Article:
Brown gained an unlikely ally in Alton’s Principal Sheila King (LisaGay Hamilton) after an unfortunate technical error in his application. She supported his chess vision outside of the school. The launch of the “Big Chair Chess Club” became a gem in the community and it appeared that the momentum was going in the right direction.
The iconic board of the Big Chair Chess Club.
Brown then challenged the students and encouraged their participation in organized tournaments. Unfortunately, his top chess student Peanut was killed in a botched robbery attempt and his best friend Tahime witnessed his last breath. After this devastating tragedy, Tahime revealed his soft core and immediately sought mentorship from Brown. He also began to take a more serious interest in chess.
It was perhaps apropos that Brown invoked the name of Maurice Ashley, the first African-American Grandmaster. The point was to dispel Tahime’s false notions of chess as a “white game”. Still struggling with peer pressure from Clifton to do crimes for easy money, Tahime barely escaped a prison sentence. It was determined he played no role as accomplice in another botched robbery. As if karma was working, Clifton was jailed and his boss Perry abandoned him. Bad moves. Bad consequences.
Tahime had a troubled household with a drug-addicted mother and her abusive boyfriends. Chess became a refuge despite his mother’s discouragement. Tahime forged her signature to play in a tournament and waltzed through the field undefeated, but was disqualified when the illegal signature was discovered. Instead of standing up for Tahime and attempting to appeal the decision, Brown went on a radio interview and surprisingly supported the organization’s ruling. Brown remembering his own folly on the job application, reflected on the lesson and went on the side of truth.
After losing his dedicated student “Peanut”,
Tahime became the center of Brown’s attention.
Tahime would enter another open tournament with tougher competition. If you watch closely, you’ll see Brown in his trademark checkered cap as one of the directors. Tahime was up to the challenge and tied for first place only to meet the top seed player named J.T. Gaines (Blake Cooper Griffin). In a tense Armageddon battle, the two fought valiantly and after the game, there was an unexpected response from the audience. After the tournament, a member of the National Urban League, even approached Brown about Tahime’s college aspirations.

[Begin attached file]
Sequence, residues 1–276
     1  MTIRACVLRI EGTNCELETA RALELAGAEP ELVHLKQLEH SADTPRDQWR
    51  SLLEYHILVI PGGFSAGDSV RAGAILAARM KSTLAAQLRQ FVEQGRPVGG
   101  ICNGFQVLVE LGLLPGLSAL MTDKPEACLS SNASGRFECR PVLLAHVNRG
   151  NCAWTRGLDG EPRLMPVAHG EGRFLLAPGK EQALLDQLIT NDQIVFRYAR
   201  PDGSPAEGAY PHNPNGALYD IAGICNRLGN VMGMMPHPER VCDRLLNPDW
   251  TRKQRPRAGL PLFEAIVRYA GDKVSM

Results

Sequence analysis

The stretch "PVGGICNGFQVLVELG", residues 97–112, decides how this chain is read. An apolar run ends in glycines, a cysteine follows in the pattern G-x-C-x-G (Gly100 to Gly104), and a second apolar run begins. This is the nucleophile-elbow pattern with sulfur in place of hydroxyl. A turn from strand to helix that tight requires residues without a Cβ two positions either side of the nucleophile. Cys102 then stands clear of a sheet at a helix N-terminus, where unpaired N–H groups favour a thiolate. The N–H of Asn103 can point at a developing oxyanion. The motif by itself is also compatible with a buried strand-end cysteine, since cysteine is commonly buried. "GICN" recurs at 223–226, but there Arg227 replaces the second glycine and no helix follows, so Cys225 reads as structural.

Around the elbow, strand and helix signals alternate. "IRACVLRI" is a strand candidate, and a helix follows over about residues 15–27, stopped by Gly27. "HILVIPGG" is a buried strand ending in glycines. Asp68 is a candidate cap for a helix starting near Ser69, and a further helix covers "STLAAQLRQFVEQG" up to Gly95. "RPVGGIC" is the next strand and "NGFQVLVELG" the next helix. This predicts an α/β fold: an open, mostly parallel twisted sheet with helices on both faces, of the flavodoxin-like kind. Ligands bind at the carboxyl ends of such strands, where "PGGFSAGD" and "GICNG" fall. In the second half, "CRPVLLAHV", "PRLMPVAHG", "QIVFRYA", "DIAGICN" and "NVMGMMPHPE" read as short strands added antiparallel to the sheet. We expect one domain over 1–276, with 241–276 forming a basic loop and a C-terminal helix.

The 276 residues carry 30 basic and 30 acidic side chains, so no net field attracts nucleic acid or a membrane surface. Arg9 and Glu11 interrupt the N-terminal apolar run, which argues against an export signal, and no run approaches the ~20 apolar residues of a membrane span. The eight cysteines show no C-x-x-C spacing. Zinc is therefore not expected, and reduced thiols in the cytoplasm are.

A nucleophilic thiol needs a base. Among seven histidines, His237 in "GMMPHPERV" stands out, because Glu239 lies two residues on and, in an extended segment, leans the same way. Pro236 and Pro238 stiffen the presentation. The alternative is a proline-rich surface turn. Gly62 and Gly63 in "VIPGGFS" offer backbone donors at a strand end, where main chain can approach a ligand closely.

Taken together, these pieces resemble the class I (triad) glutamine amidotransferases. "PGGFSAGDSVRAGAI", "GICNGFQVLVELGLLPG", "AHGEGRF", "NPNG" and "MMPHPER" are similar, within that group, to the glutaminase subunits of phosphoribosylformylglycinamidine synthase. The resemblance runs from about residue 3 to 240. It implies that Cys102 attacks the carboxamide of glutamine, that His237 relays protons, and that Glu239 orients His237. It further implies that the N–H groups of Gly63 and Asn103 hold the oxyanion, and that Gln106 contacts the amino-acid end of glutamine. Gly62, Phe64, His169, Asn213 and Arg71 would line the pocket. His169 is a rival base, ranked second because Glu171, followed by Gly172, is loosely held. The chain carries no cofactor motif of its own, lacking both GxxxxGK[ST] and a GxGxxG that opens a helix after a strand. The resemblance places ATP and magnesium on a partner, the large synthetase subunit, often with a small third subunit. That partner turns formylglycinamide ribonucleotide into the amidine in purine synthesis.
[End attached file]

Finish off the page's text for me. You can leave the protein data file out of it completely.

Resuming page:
“Life of a King” is a story that is common to those of us in the Black community. We have recently heard of “Queen of Katwe” and “Brooklyn Castle“; however, many of these stories go untold because there are few outlets to highlight these accomplishments. Of course The Chess Drum is one such place, but this movie will go a long way in bringing to light the fact that chess has brought social capital to impoverished communities around the world.
Brown continues his mission, but now lives in North Carolina.
In the January 2014 edition of Chess Life, it was reported by Jamal Abdul-Alim that Gooding said he had no knowledge of chess. Nevertheless, he feels that a movie on Ashley would be an important event! While these movies are indeed important, the stories are not heard often enough. Great effort that is worth a look!